The four categories of stakeholders defined by Mary English are risk losers, risk gainers, risk perpetrators, and risk managers (249-250). In the case of pangolin trafficking, it is vital to understand the motivations behind the actions in order to put an end to wildlife trafficking altogether.
For this scenario, the risk losers are most obviously the pangolins. While in many cases it is hard for people to recognize non-human beings as stakeholders, when viewing images of thousands of dead pangolins, innocently slaughtered, we instantly know who is the victim and who is the villain. In a case of decreasing population such as this, many of those who seem to be risk gainers will end up losing in the end. One wide use of pangolin meat and scales in both Southern Africa and Asia is in traditional medicinal practices. The Chinese pangolin is on the brink of extinction due to exploitation in Asia, which is driving wildlife traffickers to Africa where other pangolin species reside (Aisher 322). In traditional Zulu medicine, called “muthi,” pangolins are a key ingredient and are also relied on as a source of food (Pieterson et al. 171). While those promoting wildlife trafficking, the risk perpetrators, are motivated by greed and immorality, it is far more complex to look at an African tribe following tradition and assign them blame.
Risk gainers are even difficult to villainize in certain situations; poachers are no masterminds, looking to become rich off of blood money. They are poor men trying to support their families any way they can, and they also stand a lot to lose; the penalties for pangolin poaching in South Africa are severe, with Zimbabwe threatening a minimum jail sentence of nine years for a first offense (Pieterson et al. 173). To stop this manufactured extinction, the real perpetrators, the kingpins who run poaching rings and sell in markets to the unknowing public, getting rich off of ignorance and murder.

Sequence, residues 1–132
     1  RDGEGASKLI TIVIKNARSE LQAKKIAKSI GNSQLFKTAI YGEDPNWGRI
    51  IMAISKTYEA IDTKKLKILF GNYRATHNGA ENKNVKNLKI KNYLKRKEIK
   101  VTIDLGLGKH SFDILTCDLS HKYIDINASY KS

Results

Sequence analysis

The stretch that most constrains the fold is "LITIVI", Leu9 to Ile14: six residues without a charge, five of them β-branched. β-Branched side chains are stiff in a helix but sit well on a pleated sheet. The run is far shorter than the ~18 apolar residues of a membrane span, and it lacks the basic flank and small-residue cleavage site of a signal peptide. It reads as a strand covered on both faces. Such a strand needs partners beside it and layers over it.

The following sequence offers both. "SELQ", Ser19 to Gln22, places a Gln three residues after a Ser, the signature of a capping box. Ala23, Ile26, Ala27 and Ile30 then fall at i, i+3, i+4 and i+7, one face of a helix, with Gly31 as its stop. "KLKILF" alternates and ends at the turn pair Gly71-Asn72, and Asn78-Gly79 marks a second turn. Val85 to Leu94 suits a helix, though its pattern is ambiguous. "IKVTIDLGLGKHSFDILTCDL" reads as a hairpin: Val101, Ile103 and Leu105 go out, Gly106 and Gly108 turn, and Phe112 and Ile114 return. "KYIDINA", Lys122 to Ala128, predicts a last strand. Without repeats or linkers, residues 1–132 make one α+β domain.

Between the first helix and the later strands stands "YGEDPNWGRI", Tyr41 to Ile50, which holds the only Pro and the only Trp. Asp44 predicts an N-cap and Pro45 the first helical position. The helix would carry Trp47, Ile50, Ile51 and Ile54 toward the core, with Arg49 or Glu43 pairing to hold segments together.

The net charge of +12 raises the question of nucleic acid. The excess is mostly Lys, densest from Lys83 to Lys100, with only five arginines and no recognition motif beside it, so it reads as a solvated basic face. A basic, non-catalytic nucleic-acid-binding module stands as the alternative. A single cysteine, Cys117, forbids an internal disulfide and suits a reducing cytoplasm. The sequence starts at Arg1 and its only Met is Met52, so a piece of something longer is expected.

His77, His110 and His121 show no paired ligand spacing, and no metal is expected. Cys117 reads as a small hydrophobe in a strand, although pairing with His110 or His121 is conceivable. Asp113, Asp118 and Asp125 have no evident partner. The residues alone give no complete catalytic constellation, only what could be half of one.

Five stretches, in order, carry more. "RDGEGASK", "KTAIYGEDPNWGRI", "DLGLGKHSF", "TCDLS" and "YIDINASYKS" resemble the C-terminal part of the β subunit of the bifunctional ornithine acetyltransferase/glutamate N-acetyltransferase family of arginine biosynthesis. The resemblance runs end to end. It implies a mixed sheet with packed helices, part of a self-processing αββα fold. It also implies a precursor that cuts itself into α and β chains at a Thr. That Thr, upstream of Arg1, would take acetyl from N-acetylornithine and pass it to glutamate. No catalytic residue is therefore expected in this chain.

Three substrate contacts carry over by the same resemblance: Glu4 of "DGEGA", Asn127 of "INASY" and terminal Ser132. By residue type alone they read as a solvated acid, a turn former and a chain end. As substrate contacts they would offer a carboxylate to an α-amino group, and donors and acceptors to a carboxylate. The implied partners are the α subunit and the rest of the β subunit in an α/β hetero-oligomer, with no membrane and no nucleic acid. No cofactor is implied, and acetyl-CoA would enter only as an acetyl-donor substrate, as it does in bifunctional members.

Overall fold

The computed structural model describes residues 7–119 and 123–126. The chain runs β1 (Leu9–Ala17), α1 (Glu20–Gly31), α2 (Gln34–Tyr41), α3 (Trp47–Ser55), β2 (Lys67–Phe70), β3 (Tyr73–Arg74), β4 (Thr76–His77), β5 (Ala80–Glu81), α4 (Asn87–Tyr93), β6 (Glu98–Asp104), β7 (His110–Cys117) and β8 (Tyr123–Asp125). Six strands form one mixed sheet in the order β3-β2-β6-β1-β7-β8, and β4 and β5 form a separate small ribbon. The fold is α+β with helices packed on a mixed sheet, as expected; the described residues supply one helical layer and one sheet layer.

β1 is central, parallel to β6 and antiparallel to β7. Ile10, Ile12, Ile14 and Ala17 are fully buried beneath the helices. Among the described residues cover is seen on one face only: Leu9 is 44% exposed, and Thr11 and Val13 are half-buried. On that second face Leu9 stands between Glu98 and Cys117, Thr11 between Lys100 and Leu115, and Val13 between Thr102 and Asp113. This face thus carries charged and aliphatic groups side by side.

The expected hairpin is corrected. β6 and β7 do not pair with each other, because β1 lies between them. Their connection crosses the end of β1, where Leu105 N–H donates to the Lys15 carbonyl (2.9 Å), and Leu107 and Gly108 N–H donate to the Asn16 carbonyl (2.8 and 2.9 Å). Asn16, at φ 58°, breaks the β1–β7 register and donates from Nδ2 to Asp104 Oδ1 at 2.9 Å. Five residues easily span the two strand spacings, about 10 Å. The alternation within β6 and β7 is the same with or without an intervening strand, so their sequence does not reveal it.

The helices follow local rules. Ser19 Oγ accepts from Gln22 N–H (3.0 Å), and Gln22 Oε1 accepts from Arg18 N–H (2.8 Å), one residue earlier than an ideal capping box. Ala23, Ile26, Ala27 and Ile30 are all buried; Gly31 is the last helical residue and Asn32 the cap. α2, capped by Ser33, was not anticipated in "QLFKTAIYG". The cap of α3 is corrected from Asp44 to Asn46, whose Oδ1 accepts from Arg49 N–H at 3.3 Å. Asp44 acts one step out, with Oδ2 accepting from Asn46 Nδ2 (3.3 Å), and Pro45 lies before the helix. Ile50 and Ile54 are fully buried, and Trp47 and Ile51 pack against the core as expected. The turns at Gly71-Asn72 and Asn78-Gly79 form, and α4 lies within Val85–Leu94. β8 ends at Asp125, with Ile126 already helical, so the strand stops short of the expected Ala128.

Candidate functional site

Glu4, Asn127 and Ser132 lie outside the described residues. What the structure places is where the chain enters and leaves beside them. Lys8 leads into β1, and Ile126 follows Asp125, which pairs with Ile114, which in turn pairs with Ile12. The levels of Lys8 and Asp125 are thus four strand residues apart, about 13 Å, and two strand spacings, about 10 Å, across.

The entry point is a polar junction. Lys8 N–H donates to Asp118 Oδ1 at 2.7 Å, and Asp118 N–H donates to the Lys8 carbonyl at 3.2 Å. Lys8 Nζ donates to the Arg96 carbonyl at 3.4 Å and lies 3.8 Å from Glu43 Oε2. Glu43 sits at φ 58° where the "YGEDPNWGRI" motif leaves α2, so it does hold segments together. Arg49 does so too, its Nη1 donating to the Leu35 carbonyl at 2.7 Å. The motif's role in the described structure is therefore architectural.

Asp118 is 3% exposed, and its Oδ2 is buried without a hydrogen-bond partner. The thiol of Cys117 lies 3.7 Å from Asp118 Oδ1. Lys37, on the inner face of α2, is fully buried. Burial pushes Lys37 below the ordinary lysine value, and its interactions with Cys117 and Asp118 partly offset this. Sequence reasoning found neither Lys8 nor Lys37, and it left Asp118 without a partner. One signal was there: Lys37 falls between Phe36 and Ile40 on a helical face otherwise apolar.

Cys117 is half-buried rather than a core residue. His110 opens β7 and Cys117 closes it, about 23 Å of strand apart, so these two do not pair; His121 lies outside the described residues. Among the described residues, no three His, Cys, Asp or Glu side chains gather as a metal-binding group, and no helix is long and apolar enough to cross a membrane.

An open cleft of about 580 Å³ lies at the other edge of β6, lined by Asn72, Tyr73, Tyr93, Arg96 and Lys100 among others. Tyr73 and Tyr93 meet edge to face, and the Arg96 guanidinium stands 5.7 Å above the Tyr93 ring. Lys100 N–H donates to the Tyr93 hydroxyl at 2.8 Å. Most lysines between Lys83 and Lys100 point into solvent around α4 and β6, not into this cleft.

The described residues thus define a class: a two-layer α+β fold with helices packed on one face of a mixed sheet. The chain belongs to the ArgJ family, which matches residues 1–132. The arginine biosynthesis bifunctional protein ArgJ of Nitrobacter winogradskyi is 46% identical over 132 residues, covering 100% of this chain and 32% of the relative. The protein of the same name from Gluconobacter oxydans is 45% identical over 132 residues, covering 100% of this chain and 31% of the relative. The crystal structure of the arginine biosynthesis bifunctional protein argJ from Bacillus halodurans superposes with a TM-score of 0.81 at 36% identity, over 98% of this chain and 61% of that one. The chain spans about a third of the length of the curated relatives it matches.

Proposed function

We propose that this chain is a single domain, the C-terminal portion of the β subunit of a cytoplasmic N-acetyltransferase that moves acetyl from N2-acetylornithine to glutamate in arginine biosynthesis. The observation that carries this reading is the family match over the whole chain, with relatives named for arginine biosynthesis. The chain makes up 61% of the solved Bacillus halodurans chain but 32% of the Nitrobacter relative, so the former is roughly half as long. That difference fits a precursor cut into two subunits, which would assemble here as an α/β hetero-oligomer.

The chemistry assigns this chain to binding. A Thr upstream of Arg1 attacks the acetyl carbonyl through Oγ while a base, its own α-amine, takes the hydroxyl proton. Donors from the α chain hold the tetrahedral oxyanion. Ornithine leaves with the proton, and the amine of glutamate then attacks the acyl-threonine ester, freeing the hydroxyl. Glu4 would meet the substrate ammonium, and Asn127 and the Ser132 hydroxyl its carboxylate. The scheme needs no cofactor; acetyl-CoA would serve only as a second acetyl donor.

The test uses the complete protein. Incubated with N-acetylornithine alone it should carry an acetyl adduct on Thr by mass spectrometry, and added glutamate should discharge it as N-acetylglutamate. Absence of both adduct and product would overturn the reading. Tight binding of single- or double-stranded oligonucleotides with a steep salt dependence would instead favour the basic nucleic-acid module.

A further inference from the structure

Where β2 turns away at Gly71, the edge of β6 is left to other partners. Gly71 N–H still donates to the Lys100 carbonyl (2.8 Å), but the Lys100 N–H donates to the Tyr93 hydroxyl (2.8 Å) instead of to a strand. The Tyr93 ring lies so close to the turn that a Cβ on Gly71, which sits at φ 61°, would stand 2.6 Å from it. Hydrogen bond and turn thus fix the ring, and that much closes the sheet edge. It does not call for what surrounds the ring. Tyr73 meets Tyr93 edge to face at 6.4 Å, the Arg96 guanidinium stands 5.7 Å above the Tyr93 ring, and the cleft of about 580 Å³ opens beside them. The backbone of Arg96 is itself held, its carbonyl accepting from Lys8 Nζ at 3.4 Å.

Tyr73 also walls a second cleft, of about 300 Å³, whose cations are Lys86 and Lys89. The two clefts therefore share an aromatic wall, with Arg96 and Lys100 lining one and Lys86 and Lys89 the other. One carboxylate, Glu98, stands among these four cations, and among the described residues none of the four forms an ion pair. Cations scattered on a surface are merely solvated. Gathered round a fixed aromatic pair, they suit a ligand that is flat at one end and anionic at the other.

Society itself must change in order to deconstruct the deeply rooted pangolin trade in African and Asian cultures and raise awareness of such unattractive issues. The risk managers have the often devastating job of seizing pangolin bodies from poachers, usually in extremely large quantities. Recently, on April 10th, 2019 the Washington Post reported on hundreds of bags of pangolin scales that were confiscated from a shipment headed to Vietnam from Nigeria, weighing over fourteen tons in total- roughly 36,000 pangolins (Thebault). This issue has become international, involving activists, conservationists, politicians, tribal groups, government agencies, and more from countries all around the world, all for an obscure mammal most people have never heard of before
Aisher, Alex. “Scarcity, Alterity and Value : Decline of the Pangolin, the World’s Most Trafficked Mammal.”Conservation and Society, vol.14, no. 4, 2016, pp. 317-329.
English, Mary R. “Who Are the Stakeholders in Environmental Risk Decisions – How Should They Be Involved.” Risk: Health, Safety & Environment, vol. 11, no. 3, 2000, pp. 243-254.
Pieterson, Darren W, McKechnie, Andrew E, and Raymond Jansen. “A review of the anthropogenic threats faced by Temminck’s ground pangolin, Smutsia temminckii, in southern Africa.” South African Journal of Wildlife Research, vo. 44, no. 2, 2014, pp. 167-178.
Thebault, Reis. “The World’s Most-Trafficked Mammal May Also Be Its Most Obscure – and Agents Just Found 14 Tons.” The Washington Post, WP Company, 10 Apr. 2019, www.washingtonpost.com/science/2019/04/10/pangolin-scales-trafficking-bust-singapore/?noredirect=on&utm_term=.8bada58100a7.